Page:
May 13, 2022LOVING THE JOURNEY WITH…Pastor John


Hello Journey Friends and Family,

For a long time, Zenith was an innovative, profitable company. The television our family had when I was growing up was a Zenith. Zenith produced the first portable radio, the first flat-screened TV, and pioneered HDTV almost 20 years before HD signals would become the standard in the United States. They were also the first company to introduce the remote control (the “Space Command” was the original name given to that blessed invention) and to this day, men sitting on couches and in recliners everywhere rejoice. (I was my dad’s remote control: “John Allan, get up and change the channel…”)

Zenith was founded by Eugene McDonald, a brilliant innovator, and businessman who took the company from a small start-up to a household name. However, McDonald failed to think seriously about future leadership for the company. When he died, the Board of Directors appointed a 70-year-old successor, who lasted only two years. From that point on, Zenith struggled to get its market-share momentum back. A South Korean electronics giant, LG, bought Zenith’s name and trademark after Zenith declared bankruptcy in 1999. I am sure that is not what Eugene McDonald wanted to leave as his legacy.

Jack Welch was the highly successful former CEO of General Electric. He spent the last nine years of his tenure strategically prioritizing the transition to his successor. In fact, most of Welch’s career was spent creating an ongoing training program at GE’s famed “Crotonville” facility that took seriously the transitions of leaders at every single level of management in the company’s org chart.

Welch’s focus on training leaders for transition into greater responsibility was so successful that the company became a prime target for executive headhunters looking for leadership at other corporations. Amazingly enough, even after companies like Allied-Signal, Boeing, and Home Depot recruited CEOs from the GE leadership pipeline, Welch’s company continued to thrive. Healthy organizations that last beyond the influence of one dominant personality are dependent on healthy, responsibly planned transitions of leadership.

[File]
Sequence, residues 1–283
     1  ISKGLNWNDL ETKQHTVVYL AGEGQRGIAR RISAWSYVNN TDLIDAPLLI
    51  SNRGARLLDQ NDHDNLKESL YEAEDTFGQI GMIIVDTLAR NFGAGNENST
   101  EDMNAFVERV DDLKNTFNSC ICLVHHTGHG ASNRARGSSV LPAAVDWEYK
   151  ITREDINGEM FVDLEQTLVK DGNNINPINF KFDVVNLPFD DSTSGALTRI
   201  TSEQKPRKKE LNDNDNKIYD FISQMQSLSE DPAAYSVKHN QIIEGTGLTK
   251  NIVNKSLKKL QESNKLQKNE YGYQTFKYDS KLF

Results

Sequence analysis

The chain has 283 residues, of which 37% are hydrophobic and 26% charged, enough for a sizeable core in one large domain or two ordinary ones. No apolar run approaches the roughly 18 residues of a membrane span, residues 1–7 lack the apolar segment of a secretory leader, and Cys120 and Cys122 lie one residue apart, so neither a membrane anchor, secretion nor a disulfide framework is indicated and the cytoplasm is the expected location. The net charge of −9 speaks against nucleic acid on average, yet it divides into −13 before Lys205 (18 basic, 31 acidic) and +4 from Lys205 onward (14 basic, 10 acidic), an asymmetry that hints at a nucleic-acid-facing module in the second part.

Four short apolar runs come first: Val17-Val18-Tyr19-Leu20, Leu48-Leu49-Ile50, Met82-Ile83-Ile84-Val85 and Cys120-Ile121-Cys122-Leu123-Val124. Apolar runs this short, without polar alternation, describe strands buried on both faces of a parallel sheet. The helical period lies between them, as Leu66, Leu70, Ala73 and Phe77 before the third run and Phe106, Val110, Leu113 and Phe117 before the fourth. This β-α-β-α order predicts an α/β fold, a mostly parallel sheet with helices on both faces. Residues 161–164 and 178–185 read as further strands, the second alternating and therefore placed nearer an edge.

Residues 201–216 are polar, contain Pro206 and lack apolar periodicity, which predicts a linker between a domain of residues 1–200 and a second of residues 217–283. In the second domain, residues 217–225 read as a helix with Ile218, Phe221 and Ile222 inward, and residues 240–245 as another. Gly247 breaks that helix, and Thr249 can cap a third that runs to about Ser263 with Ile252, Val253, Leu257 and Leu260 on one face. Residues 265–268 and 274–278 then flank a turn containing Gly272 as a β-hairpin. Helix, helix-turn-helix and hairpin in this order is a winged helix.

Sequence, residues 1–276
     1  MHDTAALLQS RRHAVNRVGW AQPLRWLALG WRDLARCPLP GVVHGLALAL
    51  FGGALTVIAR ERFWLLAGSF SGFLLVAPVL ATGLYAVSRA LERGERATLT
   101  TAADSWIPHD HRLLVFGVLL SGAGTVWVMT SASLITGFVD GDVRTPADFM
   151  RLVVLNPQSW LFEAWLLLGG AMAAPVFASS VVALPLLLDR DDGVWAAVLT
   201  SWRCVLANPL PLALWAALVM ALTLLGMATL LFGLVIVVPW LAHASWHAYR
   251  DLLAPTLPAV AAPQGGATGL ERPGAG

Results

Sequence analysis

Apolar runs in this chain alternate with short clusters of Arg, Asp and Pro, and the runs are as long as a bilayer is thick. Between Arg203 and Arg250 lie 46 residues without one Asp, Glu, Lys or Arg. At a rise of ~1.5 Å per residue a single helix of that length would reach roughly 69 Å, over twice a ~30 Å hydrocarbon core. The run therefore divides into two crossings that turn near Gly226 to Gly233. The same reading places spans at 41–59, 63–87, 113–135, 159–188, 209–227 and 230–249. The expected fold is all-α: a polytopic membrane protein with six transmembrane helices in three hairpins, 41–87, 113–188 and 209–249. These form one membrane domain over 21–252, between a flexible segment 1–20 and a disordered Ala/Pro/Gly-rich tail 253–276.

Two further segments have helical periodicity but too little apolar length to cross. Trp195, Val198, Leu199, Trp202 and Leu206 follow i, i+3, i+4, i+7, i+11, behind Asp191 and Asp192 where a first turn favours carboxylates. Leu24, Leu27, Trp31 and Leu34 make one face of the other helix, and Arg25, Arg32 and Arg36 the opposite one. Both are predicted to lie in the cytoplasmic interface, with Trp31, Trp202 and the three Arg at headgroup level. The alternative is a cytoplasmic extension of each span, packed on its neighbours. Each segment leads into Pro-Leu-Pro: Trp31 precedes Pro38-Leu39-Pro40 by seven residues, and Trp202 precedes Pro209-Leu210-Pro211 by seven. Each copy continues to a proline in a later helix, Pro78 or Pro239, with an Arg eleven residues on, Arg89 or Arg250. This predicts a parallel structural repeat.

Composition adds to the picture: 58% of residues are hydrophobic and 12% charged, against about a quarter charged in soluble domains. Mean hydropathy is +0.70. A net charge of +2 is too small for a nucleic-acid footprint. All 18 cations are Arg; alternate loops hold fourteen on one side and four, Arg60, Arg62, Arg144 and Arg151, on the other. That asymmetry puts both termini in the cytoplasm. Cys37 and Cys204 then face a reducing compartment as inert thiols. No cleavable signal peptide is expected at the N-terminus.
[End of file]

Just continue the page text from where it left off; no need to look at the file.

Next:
And yet, for all the talk in churches about vision, there is a strange silence when it comes to the subject of leadership succession. This unexplainable blind spot often leads to disastrous consequences for ministries. You can’t walk a block in most cities without noticing an empty, or almost empty church building. At one time these churches were led by pastors with a fresh vision and a strong leadership voice and were enthusiastically followed by a congregation that stood ready to make that vision a reality. But when the Pastor moved or retired, or unexpectantly went to be with the Lord, the once flourishing congregation began to flounder, and the ministry lost momentum because the vision perished with the leader.

I want to personally invite you to join us for the next two Sundays (May 15 & 22) as we talk about planned, intentional, healthy leadership transitions. It is a really important topic and I think you will want to hear these messages in person if at all possible, or online if that’s not an option.

The great US track and field champion Jackie Joyner-Kersey said, “It’s better to look ahead and prepare than to look back and regret.” That’s what I, Pastor Dustin Aagaard, and our Elder team have been doing for some time as we think about Journey’s future, and I am excited to share how God has prepared us so that we can prepare you to take our collective next step in following Jesus.

Loving the transition Journey,

Pastor John